A long history with many stories

St John’s Church and Schoolhouse circa 1864

The activities of the Anglican ‘Parish of St John the Baptist, Canberra’, have centred upon the stone church and schoolhouse built between 1841 and 1845 on land donated by Robert (‘Merchant’) Campbell of Duntroon, at what is now Reid.  This is the oldest continuing social organization within the ACT.

Since colonial times the parish has provided traditional European ‘rites of passage’ to a wide-flung pastoral and agricultural district, and its churchyard was long the main local burial ground for people of varied religious affiliations.  The district’s earliest organized educational activities were centred on the adjacent schoolhouse, built largely at the expence of the Campbell family circa 1845.

After 1927 the parish became home to the main Christian congregation in the national capital, with which were associated various royal and vice-regal personages, eminent politicians and statesmen, eminent public servants and scientists and eminent military personnel (especially those associated with nearby Duntroon Military College).  Its activities and influence long transcended the bounds of ‘the strictly religious’ to make it a significant national social institution, especially between the World Wars.

Although less central to the broader life of the national capital since World War II, St John’s enshrines memorials to significant figures of later years like H. V. Evatt and Viscount Dunrossil (Governor General in the early 1960s).  This parish congregation’s church and schoolhouse building complex from the early to mid 1840s, is historically unusual.  It is very familiar to tourists visiting Canberra, and the attractive old stone church is probably as well known a parish-church building as any in Australia.

The church was begun in 1841 and consecrated in 1845.   The building was consecrated by the Rt Rev’d William Grant Broughton, first Bishop of Australia, on 12th March, 1845.  The materials used for the Church were almost entirely local with the stones coming from Mount Pleasant and Black Mountain.  The Church was extended between 1872 and 1874 to the design of the Rev’d Soares, Rector of Queanbeyan and honorary diocesan architect.  The first tower was struck by lightning on 6 February 1851 and also suffered from a subsiding foundation.

The current (second) tower with spire was designed by Edmund Blackett, outstanding ecclesiastical architect of his time, and built between 1865 and 1870.  The chancel with its splendid East Window was added between 1872 and 1874 in memory of Robert (‘Merchant’) Campbell, and the original nave was then lengthened.  The church building’s interior is lined with memorials to parishioners from early pastoral pioneer families to eminent Australian statesmen of the early federal era (Garran, Groom), eminent scientists early associated with the C.S.I.R. and Mt Stromlo Obervatory, and post-World War II figures of national significance (H. V. Evatt and Sir William McKell).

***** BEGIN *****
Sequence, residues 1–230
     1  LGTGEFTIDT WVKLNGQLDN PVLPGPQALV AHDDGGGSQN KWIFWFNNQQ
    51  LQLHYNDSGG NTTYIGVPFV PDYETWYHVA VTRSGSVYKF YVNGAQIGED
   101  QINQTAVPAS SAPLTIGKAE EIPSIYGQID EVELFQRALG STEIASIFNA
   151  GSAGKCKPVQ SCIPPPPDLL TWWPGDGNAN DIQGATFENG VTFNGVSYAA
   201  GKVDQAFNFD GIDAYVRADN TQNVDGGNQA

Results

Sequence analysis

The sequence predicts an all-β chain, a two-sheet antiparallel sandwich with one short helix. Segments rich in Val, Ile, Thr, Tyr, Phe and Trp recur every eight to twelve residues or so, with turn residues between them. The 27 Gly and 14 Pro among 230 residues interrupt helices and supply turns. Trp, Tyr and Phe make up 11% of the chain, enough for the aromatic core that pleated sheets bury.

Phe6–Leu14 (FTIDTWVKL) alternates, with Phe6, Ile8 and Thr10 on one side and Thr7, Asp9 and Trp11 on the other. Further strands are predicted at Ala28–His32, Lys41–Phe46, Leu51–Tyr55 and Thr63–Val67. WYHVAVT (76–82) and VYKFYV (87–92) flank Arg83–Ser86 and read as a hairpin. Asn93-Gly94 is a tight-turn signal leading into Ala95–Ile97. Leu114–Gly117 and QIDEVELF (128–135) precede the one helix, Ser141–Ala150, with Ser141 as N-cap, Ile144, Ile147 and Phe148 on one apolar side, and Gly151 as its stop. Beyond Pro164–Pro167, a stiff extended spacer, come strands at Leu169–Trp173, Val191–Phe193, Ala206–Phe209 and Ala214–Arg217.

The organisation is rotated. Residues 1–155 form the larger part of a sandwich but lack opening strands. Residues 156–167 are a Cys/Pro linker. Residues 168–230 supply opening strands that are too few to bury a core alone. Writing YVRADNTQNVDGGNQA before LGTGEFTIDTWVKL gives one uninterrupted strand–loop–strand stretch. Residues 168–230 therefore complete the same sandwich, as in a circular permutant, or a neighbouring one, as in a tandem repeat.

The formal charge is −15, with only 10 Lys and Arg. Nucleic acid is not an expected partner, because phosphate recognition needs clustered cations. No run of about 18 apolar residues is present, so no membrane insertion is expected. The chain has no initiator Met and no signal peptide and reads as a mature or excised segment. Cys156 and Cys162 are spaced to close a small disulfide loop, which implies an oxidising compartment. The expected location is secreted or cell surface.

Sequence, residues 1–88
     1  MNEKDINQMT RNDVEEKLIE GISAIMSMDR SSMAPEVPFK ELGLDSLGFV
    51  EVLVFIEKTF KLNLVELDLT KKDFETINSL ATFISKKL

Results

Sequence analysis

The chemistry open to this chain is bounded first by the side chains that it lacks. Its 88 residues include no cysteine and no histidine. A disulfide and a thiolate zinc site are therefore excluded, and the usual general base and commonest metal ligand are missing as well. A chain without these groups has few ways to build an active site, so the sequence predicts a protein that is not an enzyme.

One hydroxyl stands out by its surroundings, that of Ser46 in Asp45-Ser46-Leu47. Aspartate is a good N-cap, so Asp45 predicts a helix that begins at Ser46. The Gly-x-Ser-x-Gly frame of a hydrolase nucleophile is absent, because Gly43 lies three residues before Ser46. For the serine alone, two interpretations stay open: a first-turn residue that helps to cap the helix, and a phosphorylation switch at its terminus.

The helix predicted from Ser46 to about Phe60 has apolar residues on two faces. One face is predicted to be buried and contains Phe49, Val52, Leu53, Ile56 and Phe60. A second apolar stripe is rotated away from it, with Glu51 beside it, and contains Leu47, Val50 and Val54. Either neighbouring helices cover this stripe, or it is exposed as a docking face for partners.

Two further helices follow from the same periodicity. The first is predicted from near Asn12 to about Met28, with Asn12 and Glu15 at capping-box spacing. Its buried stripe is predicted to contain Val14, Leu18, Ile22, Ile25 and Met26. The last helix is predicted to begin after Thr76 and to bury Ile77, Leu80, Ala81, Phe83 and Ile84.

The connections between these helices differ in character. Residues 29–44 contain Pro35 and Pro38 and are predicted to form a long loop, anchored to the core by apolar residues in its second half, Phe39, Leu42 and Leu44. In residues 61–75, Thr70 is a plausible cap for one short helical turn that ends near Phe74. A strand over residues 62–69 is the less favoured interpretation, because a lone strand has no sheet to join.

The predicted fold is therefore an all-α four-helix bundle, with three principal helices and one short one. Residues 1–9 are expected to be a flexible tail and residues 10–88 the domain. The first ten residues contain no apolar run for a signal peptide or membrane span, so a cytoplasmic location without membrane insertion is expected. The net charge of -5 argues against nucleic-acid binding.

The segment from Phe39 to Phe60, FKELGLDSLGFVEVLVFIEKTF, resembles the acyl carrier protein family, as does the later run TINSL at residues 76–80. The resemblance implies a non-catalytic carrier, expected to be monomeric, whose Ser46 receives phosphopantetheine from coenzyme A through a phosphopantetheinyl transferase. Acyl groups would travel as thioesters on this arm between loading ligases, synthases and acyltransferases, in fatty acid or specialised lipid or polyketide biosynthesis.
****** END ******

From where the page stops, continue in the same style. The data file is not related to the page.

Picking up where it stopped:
The bells were presented in 1962 by Viscount De L’Isle, V.C., then Governor-General, in memory of his wife Jacqueline.  A chalice and paten were presented by the family of Viscount Dunrossil, the former speaker of the House of Commons, who died while in office as Governor-General and whose remains (together with those of his widow) are buried in the churchyard.   Two prayer desks in the church were ‘thank offerings’ from Sir William and Lady McKell.  The distinguished artist, Elioth Gruner, is memorialized by bookshelves and cupboards in the west porch.

The first resident minister of St John’s, the Rev’d George Gregory, was drowned in the flooded Molonglo in 1851.  However, later clergy have remained in service longer.  The Rev’d Pierce Galliard Smith was rector for 51 years (1855 to 1906).  A number of later clergy have served in the Anglican Church as Bishops, including Robert Davies, Robert Gordon Arthur, Owen Dowling (former Bishop of Canberra and Goulburn), Cecil Warren (also a former Bishop of Canberra and Goulburn), Ian George (former Archbishop of Adelaide) and Greg Thompson (current Bishop of Newcastle).

The church building has had a long-term association with the Royal Military College, Duntroon, also situated on land originally held by Robert Campbell.  Distinguished Australian warriors like Sir William Throsby Bridges (first Commandant of the Royal Military College and Commander of the 1st Division, A.I.F., killed Gallipoli) and General Brudenell Bingham White (Chief of Staff of the Australian Military Forces, killed in disastrous Canberra plane crash, 1940) are memorialized in the church.

St John’s church is also unusual for an Australian parish church in that the regimental colours of the (World War I) Werriwa Regiment and the historic colours of the Royal Military College, Duntroon (given by the Duke of York while opening parliament in 1927) are ‘laid up’ in the building.  This historic church-and-school precinct was classified on the Register of the National Estate in 1980.

A book on the history of St John’s, “Firm Still You Stand” by A.H. Body, is available for sale from the Parish Office. Contact (02) 6248 8399 or  Email admin@stjohnscanberra.org.

St John’s Churchyard overview - Inscriptions and photographs